Attic Stock and the Strategic National Reserve

I dont know if South Africa has any such reserves – perhaps the more prominent reporting of this will be a good place to start in response to the pandemic here in SA.


Public workout facilities will be slow to recover because of their diverse customer base.

High school and intercollegiate sports will be negatively impacted. If more schooling is done remotely, sports will have a funny feel.

Bottom Line It, Chimpwithcans

OK, here is the bottom line as viewed from a home office in Cape Town:

South Africa is not ready for this virus.

Once this eventually passes, I hope it will put things in perspective. I hope it will push politics away from its ridiculous nature. Push Africa away from its reliance on China. Away from unsustainable social programs and rising debt. But I doubt it really will.

Instead, I see this as potentially accelerating the long term shift of South Africa moving from a pretty well developed African state, to a developing country economy along with the likes of Kenya.

The everyday common man in the townships and streets of SA will have to quickly move on as a matter of necessity. The myriad of other challenges facing Africa and South Africa mean that there will be little time, money, or planning compared to USA in responding to this pandemic.

South African national anthem

I have a confession. After over 9 years living in SA, and after many more years owning a South African passport, I still do not know the words to this anthem by heart. In my defence it has 5 languages and multiple tunes all stitched together. Here it is, along with the different languages:

Nkosi Sikelel’ iAfrika
(God Bless Africa)
Maluphakanyisw’ uphondo lwayo,
(Raise high Her glory)
Yizwa imithandazo yethu,
(Hear our Prayers)
Nkosi sikelela, thina lusapho lwayo
(God bless us, we her children)
isiXhosa and isiZulu
Morena boloka setjhaba sa heso,
(God protect our nation)
O fedise dintwa le matshwenyeho,
(End all wars and tribulations)
O se boloke, O se boloke setjhaba sa heso,
(Protect us, protect our nation)
Setjhaba sa South Afrika – South Afrika.
(Our nation South Africa – South Africa)
Uit die blou van onse hemel,
(Ringing out from our blue heavens)
Uit die diepte van ons see,
(From the depth of our seas)
Oor ons ewige gebergtes,
(Over our everlasting mountains)
Waar die kranse antwoord gee,
(Where the echoing crags resound)
Sounds the call to come together,
And united we shall stand,
Let us live and strive for freedom,
In South Africa our land.
SA National Anthem

This inevitably reminds me of watching rugby. Once pay-TV reached Kenya, my family growing up would watch any rugby they could get their hands on. My mum is an ardent Springboks supporter and I followed suit, mumbling the words at the start of each match until the English bit, which I could sing with gusto.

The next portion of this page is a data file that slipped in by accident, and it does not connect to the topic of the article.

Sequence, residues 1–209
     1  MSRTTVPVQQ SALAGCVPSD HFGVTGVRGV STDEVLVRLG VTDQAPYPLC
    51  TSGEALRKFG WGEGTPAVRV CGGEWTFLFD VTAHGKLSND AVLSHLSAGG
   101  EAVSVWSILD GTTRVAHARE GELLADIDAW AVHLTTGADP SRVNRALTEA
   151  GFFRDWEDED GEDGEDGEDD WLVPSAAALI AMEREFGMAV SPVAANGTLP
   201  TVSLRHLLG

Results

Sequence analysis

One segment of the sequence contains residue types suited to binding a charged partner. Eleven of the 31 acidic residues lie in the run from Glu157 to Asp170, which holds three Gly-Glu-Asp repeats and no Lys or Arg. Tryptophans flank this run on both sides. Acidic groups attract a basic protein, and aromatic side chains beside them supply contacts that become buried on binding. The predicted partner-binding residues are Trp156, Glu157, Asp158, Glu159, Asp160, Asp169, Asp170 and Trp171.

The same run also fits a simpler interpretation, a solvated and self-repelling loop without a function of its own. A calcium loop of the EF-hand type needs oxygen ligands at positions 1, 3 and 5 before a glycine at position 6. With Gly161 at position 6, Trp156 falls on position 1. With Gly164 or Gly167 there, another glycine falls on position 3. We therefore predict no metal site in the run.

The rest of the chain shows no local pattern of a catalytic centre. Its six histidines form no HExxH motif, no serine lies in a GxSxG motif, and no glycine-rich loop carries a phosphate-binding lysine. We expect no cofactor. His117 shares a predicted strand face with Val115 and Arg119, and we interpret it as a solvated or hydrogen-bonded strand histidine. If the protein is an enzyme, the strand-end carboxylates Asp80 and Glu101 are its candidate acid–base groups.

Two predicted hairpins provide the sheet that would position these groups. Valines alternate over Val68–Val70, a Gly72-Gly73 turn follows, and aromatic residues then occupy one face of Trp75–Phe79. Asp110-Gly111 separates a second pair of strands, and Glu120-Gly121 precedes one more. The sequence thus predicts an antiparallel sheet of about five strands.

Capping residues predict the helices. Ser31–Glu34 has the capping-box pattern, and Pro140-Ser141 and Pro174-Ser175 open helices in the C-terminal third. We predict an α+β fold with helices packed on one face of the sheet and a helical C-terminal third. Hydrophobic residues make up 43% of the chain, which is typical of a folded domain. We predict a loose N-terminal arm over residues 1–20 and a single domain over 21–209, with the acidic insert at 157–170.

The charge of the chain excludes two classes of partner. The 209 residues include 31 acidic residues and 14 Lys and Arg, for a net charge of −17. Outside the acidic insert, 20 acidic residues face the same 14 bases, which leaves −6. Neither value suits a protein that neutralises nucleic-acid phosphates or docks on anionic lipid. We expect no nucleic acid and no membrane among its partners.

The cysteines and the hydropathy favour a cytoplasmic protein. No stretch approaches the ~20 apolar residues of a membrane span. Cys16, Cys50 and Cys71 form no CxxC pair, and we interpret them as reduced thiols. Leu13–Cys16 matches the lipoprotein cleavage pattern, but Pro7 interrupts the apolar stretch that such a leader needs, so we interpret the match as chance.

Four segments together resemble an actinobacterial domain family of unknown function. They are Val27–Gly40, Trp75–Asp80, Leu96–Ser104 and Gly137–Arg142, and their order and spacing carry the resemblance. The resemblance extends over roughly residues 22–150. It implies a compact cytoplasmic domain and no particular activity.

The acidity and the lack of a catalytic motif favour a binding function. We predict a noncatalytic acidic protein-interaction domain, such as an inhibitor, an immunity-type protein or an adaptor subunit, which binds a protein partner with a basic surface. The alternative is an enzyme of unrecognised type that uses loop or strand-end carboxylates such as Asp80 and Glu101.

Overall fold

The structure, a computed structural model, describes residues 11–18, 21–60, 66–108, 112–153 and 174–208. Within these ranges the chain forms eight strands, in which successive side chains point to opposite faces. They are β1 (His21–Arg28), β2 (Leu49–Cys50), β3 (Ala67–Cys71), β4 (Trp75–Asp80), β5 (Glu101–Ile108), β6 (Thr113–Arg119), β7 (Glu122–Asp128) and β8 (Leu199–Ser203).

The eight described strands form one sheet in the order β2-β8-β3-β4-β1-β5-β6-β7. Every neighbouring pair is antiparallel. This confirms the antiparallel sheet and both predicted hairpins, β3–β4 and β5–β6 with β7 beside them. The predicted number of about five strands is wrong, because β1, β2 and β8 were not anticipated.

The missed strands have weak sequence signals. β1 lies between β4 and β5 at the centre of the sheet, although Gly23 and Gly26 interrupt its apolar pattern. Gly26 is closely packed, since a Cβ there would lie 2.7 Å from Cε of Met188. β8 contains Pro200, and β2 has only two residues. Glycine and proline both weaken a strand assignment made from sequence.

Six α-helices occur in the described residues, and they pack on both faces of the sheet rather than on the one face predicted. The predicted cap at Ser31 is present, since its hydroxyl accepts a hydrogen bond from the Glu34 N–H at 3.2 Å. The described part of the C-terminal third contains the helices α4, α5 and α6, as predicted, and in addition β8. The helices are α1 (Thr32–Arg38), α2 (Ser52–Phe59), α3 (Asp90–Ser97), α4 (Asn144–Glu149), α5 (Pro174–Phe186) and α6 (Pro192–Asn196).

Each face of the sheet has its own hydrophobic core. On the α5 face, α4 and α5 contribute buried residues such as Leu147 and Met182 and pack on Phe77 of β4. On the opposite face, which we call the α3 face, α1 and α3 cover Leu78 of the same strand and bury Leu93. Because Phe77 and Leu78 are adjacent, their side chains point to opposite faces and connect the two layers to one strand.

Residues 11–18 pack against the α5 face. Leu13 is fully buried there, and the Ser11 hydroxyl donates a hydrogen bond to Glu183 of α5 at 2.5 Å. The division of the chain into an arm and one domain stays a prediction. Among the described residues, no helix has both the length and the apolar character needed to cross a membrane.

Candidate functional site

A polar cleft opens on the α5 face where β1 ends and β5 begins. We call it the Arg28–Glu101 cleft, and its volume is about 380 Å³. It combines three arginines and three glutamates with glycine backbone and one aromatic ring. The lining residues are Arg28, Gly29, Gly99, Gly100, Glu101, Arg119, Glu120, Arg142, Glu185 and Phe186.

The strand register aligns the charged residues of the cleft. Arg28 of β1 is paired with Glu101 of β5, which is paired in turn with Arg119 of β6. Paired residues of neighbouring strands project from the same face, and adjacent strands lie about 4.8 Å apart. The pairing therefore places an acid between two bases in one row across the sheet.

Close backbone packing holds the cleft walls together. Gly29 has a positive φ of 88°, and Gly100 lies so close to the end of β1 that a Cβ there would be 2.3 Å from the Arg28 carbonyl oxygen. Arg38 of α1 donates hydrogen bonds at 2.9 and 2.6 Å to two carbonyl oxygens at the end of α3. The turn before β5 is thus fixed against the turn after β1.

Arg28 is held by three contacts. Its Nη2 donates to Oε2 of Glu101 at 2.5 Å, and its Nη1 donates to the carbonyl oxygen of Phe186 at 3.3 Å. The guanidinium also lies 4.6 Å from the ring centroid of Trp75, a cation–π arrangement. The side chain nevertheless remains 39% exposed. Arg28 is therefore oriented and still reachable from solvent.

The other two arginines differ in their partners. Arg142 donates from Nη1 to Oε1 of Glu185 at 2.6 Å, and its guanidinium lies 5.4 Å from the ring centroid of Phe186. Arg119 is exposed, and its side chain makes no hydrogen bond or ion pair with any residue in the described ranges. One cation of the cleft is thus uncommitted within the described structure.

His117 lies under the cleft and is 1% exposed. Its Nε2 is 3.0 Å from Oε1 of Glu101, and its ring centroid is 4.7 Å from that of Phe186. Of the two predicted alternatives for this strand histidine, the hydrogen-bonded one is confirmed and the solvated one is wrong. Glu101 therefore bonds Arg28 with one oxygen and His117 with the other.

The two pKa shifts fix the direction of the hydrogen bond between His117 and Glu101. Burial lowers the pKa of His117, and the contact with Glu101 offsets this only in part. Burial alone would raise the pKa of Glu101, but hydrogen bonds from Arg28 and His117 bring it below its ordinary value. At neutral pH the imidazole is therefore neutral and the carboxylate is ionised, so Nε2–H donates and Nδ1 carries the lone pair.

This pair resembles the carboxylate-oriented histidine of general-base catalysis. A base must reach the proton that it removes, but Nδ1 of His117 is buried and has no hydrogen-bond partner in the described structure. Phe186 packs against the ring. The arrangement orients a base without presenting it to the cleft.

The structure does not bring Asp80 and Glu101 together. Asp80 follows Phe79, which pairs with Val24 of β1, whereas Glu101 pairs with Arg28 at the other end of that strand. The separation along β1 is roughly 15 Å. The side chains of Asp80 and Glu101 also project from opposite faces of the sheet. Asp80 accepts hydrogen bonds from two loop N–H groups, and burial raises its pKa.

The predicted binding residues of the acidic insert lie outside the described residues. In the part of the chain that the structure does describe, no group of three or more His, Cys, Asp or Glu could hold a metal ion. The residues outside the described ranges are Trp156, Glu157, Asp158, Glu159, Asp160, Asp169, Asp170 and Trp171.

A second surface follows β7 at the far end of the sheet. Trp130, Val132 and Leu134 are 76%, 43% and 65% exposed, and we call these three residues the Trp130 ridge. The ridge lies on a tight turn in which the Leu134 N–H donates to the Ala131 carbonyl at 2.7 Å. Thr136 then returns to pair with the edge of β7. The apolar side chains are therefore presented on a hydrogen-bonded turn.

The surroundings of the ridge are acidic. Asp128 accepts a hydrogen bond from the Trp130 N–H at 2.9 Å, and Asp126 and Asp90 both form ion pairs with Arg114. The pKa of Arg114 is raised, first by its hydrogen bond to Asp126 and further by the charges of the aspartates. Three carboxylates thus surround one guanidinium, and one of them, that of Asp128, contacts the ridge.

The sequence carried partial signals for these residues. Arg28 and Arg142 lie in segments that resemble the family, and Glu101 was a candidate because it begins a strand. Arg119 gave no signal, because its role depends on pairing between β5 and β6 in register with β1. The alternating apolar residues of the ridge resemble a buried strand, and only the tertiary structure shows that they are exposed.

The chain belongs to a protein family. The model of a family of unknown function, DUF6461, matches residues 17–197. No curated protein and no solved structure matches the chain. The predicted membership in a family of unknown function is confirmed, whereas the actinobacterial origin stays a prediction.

More recently my children are learning the anthem in school here in SA. They have taught me how to sing the opening verse (even if i didn’t know what it meant until today!)

South Africa has been through an unprecedented lockdown to contain the Corona virus. This has been successful in stemming the spread of the virus. It has bought the government time to make some plans, and it has shown us a new way to live. However, the great economic cost means that we have to end the lockdown sooner or later. When the lockdown ends, it is likely that the virus will sweep through the country. A rather terrifying thought given the meagre medical and hospital systems we have here. There are just too many people.

For now, we do what we can each and every day to stay sane and stay safe.

Spare a thought for South Africa when lockdown ends.

Happy Tuesday, chimps.

National anthem of Kenya

When I was a boy, perhaps even now, the cinemas in Kenya would play the national anthem before the movie started. Everyone would stand up in the cinema while a scratchy video of the Kenyan flag fluttering in the breeze would play along with a marching band rendition of the anthem. Quaint military style and post-colonial nationalism, followed by Star Wars.

The words are as follows (English translation is below the Swahili version):

Ee Mungu nguvu yetu 
Ilete baraka kwetu. 
Haki iwe ngao na mlinzi 
Natukae na undugu 
Amani na uhuru 
Raha tupate na ustawi

Amkeni ndugu zetu 
Tufanye sote bidii 
Nasi tujitoe kwa nguvu 
Nchi yetu ya Kenya, 
Tuwe tayari kuilinda.

Natujenge taifa letu 
Ee, ndio wajibu wetu 
Kenya istahili heshima 
Tuungane mikono 
Pamoja kazini 
Kila siku tuwe na shukrani.

O God of all creation
Bless this our land and nation.
Justice be our shield and defender
May we dwell in unity
Peace and liberty
Plenty be found within our borders.

Let one and all arise
With hearts both strong and true.